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Melbourne Zoo

Sumatran Tiger

These formidable animals are critically endangered in the wild. Zoos around the world, including Melbourne Zoo, have become part of the battle to prevent the extinction of this species.

The Sumatran Tiger is classed as ‘critically endangered’ by the International Union for Conservation of Nature and Natural Resources (on the IUCN ‘red list’), with numbers in the wild falling. The animals remaining in the wild may number in the hundreds. Threats include habitat loss as palm oil plantations are extended through their natural range, hunting for traditional medicine (although this is illegal in all countries), and loss of prey. 

Melbourne Zoo is involved in a captive breeding program for these critically endangered animals. Four cubs, born in February 2010, can be seen daily at the zoo. Visiting the Zoo helps to fight extinction. Meeting the Sumatran Tigers at Melbourne Zoo is an opportunity not only to see these rare animals, but also to learn about the threats facing this species, what the international community is doing to try to conserve the species, and how Zoos Victoria is contributing to the fight. 

The Sumatran Tiger is found on the Indonesian island of Sumatra in habitat ranging from mountainous forests to lowland forests. The Sumatran Tiger is one of nine subspecies of tiger (three of which are already extinct), and it is believed that these animals became isolated to Sumatra when rising sea levels smothered the land, causing the formation of islands in the region.

Sumatran Tigers are the smallest of all tigers, and their size assists them in navigating the dense, tropical forests in which they hunt.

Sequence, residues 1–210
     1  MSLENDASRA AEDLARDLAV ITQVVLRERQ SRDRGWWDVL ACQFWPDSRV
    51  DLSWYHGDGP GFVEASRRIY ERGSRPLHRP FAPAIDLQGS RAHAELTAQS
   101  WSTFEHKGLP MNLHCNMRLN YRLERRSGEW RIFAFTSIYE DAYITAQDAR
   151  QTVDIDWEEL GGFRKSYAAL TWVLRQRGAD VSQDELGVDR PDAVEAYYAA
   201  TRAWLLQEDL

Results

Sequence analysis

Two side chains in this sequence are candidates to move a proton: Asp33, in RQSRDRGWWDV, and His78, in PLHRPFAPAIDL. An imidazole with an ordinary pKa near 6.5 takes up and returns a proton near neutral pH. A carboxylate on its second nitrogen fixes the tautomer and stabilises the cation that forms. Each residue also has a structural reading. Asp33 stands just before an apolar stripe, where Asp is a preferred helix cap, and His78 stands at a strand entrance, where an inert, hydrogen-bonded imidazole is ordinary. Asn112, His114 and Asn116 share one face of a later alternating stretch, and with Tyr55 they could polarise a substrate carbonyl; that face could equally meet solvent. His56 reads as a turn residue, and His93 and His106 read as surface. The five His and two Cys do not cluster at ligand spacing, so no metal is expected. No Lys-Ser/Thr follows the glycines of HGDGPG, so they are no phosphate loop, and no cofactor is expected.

Being solitary animals, they are highly adapted to ambush hunting, using their stripes as camouflage against the dappled light of the forest floor. Sumatran Tigers will lie in wait to prey upon wild boar, birds, tapir, fish and deer.

Binjai

Female, born 2002

Hutan

Male, born 2010

Hutan has a very placid nature. He and his brother Aceh have been separated from their sisters Indrah and Rani as they are now approaching maturity.

Indrah

Female, born 2010

Tiger Travel

Tiger Travel

Sumatran Tiger Binjai travelled across the Zoo this morning, with a visit to the Veterinary Surgery on the way.

31 October 2016
Moving Meo

Moving Meo

How do you move a Snow Leopard?

Carefully and caringly were the watchwords this morning when Carnivore Department Keepers moved Snow Leopard Meo from her night den in Big Cat Row to the new custom-designed facility where she will spend the next year.

24 October 2016
  • Tigers are proficient swimmers and can cross rivers that are 7–8 km wide without any difficulty
  • Tigers will attack their prey from the rear; only 1 in 10–20 attempts succeed in a kill
  • To seek out prey and defend a home range it is not uncommon for a tiger to travel 10–20 km a day